Knowing and loving Christ

OPUS DEI

WITH Christ, it is not enough to know him. We also have to love him. With Christ, to know him truly is to love him also. In fact, we cannot say we really know him unless we love him too.

With him, these two spiritual operations of ours merge into a unity, although they have different directions. In knowing, the object known is in the knower. It has an inward movement. The knower possesses the known object.

In loving, the lover is in the beloved. It has an outward movement. It is the beloved that possesses the lover. The lover gets identified with the beloved. The lover becomes what he loves.

In knowing, the knower abstracts things from his object of interest and keeps them to himself. In loving, the lover gives himself to the beloved. In a sense, the lover loses himself in the beloved.

Of course, there are many things that we know but which we do not have to love, or even that we should not love. We can know a lot of evils, but we should never love them. If anything at all, our knowledge of them is just for the sake of prudence.

But whatever good we know, we should also love, otherwise we would fall into some anomaly of inconsistency. In whatever is good, we should not be contented with knowing it. We should love it. Let’s remember what St. Paul said in his first letter to the Corinthians in this regard:

“Knowledge puffs up, but love builds up. If anyone imagines that he knows something, he does not yet know as he ought to know. But if anyone loves God, he is known by God.” (8,1-2)

And we can add that if one is known by God, he somehow already knows everything that he ought to know since God, who possesses him because he loves God, knows everything. In other words, he shares in the knowledge of God.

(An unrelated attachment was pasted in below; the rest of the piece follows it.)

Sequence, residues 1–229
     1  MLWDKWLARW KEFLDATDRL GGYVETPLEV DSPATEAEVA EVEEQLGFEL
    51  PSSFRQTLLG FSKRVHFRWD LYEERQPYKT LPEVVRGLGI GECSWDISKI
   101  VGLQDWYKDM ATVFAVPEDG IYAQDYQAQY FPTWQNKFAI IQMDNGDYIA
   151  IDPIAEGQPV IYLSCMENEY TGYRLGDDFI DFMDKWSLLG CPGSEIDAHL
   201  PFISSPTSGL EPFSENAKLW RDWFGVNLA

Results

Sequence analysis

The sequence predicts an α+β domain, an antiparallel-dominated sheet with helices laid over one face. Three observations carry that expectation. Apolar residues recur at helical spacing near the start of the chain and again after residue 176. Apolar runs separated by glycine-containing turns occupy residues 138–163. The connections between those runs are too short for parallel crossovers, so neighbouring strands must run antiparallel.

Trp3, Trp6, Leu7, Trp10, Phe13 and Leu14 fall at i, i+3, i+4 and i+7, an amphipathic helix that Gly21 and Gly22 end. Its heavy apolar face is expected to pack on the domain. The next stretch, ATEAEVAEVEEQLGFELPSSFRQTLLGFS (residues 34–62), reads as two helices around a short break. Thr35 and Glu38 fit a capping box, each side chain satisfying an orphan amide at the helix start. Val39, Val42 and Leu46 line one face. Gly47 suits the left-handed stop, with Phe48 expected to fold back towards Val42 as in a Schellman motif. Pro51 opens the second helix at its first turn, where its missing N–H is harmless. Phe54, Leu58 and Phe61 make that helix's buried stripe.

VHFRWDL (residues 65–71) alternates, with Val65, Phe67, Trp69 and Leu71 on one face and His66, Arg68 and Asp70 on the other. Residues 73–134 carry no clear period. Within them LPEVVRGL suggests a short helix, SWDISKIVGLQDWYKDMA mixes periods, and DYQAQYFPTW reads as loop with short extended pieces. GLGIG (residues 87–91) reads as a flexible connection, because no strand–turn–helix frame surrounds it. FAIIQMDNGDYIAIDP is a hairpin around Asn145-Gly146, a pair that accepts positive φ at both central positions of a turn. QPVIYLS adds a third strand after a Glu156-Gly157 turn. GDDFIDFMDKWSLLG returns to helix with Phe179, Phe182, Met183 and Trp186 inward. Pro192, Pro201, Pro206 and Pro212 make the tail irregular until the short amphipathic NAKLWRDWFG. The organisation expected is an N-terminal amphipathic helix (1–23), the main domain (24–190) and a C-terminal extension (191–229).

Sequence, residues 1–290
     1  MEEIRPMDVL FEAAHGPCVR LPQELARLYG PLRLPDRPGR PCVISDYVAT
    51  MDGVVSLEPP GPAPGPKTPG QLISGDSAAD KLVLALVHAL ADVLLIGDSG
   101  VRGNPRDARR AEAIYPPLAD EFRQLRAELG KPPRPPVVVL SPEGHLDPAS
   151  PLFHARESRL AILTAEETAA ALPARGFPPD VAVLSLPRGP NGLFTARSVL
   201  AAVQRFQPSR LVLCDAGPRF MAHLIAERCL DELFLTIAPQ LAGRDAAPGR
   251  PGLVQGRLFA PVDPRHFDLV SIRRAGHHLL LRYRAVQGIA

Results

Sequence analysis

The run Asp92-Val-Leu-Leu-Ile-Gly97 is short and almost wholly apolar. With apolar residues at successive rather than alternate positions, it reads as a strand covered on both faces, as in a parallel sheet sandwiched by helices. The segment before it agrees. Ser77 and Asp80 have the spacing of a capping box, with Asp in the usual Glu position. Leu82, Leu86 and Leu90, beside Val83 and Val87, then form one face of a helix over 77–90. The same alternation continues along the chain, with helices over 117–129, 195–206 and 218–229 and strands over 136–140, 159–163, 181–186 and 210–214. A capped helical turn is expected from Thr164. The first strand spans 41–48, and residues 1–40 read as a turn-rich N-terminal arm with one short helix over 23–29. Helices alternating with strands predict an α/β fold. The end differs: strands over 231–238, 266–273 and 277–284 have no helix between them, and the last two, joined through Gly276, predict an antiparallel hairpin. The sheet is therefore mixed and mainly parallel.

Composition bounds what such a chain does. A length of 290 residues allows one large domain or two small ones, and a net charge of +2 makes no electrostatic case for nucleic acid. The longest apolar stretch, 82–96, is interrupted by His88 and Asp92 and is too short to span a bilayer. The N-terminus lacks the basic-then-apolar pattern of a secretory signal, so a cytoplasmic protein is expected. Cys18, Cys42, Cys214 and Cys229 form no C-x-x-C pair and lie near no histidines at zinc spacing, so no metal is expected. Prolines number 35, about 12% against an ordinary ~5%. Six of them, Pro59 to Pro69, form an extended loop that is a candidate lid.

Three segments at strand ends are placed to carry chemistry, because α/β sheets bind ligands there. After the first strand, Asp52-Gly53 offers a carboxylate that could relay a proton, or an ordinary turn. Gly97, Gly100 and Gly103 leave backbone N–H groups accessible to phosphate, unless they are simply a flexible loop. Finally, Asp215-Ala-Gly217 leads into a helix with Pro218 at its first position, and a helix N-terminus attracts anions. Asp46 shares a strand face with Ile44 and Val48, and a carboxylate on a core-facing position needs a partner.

Since Christ is for us the highest good we can have, we should both know and love him to the max. We should not just know him and not love him, nor should we just love him without knowing him—or at least, trying to know him the best way that we can, since being God, Christ has aspects that are a mystery to us, that is, beyond our capacity to know him fully.

It’s when we love him with all our heart as we are commanded to do (cfr. Mt 22,37) that whatever inadequacy we have with respect to our knowledge of him, is taken care of. If our heart is united we the heart of God, that is, when we are in love with God, we in a mysterious way share in the omniscience of God.

That is why we can say that those simple people with great love and piety for God has greater knowledge of God than those erudite theologians and philosophers whose love and piety for God is not as great as those of the simple people, in spite of the fact that they may have studied the faith a lot more.

This does not mean that loving God with the heart more than the head is a matter of indulging in emotionalism and things like that. If one truly loves God with his whole heart, he also will do everything in his human capacity to study his faith well and to conform his life to that faith.

Loving God never compromises our rational nature that has both the intuitive and discursive capabilities. Loving God uses these capabilities to the hilt but also acknowledges the limitations of these human powers. Loving God, more than anything else, involves the role of grace that God himself unstintingly gives us but to which we have to correspond properly with our acts of piety.